Occasionally throughout this specification, the user of the arm support device may be referred to as a “traveler.” It is to be understood, however, that the arm support device can be used by anyone wishing to comfortably support their arms, whether or not the user is traveling at the time.

An arm support device basically comprises a flexible and stretchable sack. The top end of the sack is open while the bottom end and the sides are closed or closeable with fasteners. The open top end allows a traveler to insert her arms until the upper edge meets her underarms. With her arms thus fully inserted, the traveler folds her arms across her torso in a comfortable position. The inside surfaces of the arm support device contact and support the traveler's arms as it stretches. This support prevents the traveler's arms from slipping off her torso and allows her to effortlessly rest in a comfortable position. Additionally, in some embodiments, the arm support device has no non-closeable openings, and can thus carry small items placed inside it. Thus, in these embodiments, the arm support device can be used as a convenient travel bag when not in use as an arm support.

As used throughout this specification, the top of the arm support device is the open end into which users insert their arms. The bottom end is the closed end opposite the top edge. Furthermore, the length of the arm support device is the distance from its top edge to its bottom edge. The perimeter and the width of the arm support device, unless otherwise indicated, are measured at the top edge. The front face of the arm support device is the exterior surface of the arm support that faces away from the user during use. The rear face is opposite the front face. Additionally, the arm support device is considered fully stretched when application of additional stretching force does not yield any appreciable amount of further stretching. The arm support is considered completely unstretched when no stretching force is applied at all. A stretching force is any force that causes a dimension of the arm support to increase in length.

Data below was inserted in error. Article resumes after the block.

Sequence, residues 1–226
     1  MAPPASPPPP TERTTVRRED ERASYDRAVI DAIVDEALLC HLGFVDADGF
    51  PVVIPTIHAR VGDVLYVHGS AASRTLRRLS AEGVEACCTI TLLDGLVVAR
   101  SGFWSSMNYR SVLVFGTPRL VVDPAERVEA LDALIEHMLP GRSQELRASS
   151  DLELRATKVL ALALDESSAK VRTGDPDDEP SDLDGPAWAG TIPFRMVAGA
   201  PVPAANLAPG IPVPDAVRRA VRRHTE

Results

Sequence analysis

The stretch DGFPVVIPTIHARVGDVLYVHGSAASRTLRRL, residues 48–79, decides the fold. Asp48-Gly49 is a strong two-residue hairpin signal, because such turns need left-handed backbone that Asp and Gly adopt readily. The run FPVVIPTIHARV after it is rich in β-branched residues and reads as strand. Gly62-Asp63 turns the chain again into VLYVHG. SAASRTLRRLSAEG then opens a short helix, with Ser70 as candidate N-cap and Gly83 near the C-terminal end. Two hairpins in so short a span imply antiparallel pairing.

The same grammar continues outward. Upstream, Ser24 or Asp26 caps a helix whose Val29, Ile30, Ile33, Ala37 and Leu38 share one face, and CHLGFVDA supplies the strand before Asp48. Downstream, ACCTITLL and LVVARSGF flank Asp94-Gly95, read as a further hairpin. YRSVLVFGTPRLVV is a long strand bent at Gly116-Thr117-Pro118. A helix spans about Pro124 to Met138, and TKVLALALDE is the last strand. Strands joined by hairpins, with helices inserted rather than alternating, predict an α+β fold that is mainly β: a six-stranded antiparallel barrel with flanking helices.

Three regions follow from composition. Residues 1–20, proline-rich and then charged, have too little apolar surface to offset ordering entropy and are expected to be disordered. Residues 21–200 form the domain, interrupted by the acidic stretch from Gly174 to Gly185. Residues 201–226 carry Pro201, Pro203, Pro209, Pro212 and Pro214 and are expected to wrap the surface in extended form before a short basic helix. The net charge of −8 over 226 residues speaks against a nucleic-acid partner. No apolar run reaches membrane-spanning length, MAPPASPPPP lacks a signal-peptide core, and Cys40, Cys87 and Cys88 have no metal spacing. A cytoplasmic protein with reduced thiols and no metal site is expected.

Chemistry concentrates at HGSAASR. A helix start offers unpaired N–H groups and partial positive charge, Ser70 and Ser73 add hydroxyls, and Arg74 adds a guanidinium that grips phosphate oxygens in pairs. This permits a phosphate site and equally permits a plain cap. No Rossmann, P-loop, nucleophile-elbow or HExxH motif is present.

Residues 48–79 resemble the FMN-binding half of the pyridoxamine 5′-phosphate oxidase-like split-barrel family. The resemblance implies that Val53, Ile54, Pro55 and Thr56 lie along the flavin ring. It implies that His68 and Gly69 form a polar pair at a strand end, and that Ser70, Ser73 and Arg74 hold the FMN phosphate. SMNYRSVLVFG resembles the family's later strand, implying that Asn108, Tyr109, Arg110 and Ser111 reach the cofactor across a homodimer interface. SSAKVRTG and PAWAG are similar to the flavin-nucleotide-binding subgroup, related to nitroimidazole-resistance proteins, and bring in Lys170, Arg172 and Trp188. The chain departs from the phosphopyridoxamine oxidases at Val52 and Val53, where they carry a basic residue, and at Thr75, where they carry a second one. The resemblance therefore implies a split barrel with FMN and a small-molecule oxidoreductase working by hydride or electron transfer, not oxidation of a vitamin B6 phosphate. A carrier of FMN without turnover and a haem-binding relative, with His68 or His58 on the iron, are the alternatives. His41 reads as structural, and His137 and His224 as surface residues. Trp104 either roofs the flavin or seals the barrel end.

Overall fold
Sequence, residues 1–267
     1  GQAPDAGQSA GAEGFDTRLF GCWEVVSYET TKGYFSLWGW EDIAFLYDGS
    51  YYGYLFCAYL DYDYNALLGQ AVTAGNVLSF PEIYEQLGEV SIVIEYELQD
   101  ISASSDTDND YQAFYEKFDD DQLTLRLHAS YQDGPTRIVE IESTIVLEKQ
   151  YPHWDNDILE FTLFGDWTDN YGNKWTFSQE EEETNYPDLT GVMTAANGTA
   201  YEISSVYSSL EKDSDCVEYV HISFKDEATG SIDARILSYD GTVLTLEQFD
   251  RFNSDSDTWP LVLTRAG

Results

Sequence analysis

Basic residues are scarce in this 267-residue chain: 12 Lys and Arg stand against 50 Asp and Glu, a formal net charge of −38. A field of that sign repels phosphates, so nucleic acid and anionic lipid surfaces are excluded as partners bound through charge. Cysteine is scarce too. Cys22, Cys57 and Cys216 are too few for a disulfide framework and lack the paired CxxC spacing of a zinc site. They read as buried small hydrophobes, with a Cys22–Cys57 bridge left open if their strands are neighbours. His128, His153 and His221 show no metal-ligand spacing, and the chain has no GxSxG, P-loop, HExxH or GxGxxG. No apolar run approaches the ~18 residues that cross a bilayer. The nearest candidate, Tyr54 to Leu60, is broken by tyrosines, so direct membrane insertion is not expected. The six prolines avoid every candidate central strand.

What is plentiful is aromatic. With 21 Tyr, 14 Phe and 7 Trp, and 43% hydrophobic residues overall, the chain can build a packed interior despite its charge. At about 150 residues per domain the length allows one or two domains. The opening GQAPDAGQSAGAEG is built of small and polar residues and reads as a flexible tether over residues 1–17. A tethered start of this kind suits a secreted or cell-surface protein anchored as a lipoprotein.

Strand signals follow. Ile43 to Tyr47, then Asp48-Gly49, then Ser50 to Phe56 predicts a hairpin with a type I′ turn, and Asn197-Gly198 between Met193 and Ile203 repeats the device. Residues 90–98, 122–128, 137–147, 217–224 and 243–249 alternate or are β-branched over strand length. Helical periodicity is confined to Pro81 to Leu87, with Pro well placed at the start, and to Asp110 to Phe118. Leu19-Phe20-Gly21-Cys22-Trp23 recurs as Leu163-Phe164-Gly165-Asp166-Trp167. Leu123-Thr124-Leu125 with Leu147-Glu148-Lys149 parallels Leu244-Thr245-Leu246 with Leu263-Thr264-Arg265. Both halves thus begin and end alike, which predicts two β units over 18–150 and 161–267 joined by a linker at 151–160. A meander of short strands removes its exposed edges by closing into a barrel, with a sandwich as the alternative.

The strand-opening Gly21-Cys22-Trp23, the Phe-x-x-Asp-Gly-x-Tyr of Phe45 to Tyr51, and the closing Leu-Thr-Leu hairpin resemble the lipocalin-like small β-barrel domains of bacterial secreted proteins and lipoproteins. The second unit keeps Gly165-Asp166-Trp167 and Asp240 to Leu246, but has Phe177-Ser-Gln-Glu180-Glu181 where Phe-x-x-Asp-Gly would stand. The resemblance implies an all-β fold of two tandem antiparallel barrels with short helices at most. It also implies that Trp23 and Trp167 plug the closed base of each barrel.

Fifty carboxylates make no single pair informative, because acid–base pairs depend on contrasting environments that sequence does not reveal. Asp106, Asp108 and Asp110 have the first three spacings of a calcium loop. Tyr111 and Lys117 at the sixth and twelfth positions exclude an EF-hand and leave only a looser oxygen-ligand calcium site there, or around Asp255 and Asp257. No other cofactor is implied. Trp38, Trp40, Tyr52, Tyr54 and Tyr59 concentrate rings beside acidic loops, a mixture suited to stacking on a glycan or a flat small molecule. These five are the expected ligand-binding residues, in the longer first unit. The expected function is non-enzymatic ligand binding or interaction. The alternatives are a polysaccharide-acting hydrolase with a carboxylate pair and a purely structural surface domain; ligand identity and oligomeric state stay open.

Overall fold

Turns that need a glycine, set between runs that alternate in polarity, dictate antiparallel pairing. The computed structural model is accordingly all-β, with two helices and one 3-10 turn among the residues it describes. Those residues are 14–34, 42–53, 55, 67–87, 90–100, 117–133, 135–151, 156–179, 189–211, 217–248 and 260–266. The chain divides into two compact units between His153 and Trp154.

One benefit of the arm support device is that it is a simple way for travelers to comfortably support their arms in a wide variety of positions. Unlike other arm supporting devices or garments, which restrict the user's arms to one position, the present invention allows the user to move his arms into many different comfortably supported positions, so long as the user's arms are inside the sack and folded across his torso.

Another advantage of the arm support device is that it is easy to use in close quarters. Unlike an arm supporting garment that must be pulled over the user's head like a shirt, the arm support device is pulled over the arms and partially over the shoulders, but not over the head. A traveler in a tight seating situation may find it exceedingly difficult to pull an arm supporting garment over his head without elbowing or otherwise disturbing his seatmate. By contrast, a traveler can pull on the arm support device of the present invention without raising his arms above shoulder level. Accordingly, a person can use the arm support device in tight seating arrangements without disturbing any seatmates.

Another benefit of the arm support device is that it provides arm support in multiple directions. The lower portion of the arm support device provides generally vertical support for the user's arms and hands, preventing them from falling into her lap. The central, upper, and side portions of the arm support device provide lateral support for the user's arms, preventing them from falling to her sides. These multiple directions of support allow the user a wider range of comfortable arm positions.